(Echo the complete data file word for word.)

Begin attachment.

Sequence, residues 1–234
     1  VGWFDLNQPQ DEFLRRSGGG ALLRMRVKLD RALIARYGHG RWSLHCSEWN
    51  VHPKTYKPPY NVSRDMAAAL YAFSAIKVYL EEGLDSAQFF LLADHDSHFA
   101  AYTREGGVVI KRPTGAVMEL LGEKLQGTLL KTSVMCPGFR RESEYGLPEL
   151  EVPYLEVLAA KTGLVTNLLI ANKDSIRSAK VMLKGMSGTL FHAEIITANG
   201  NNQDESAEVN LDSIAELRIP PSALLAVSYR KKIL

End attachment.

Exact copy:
Sequence, residues 1–234
     1  VGWFDLNQPQ DEFLRRSGGG ALLRMRVKLD RALIARYGHG RWSLHCSEWN
    51  VHPKTYKPPY NVSRDMAAAL YAFSAIKVYL EEGLDSAQFF LLADHDSHFA
   101  AYTREGGVVI KRPTGAVMEL LGEKLQGTLL KTSVMCPGFR RESEYGLPEL
   151  EVPYLEVLAA KTGLVTNLLI ANKDSIRSAK VMLKGMSGTL FHAEIITANG
   201  NNQDESAEVN LDSIAELRIP PSALLAVSYR KKIL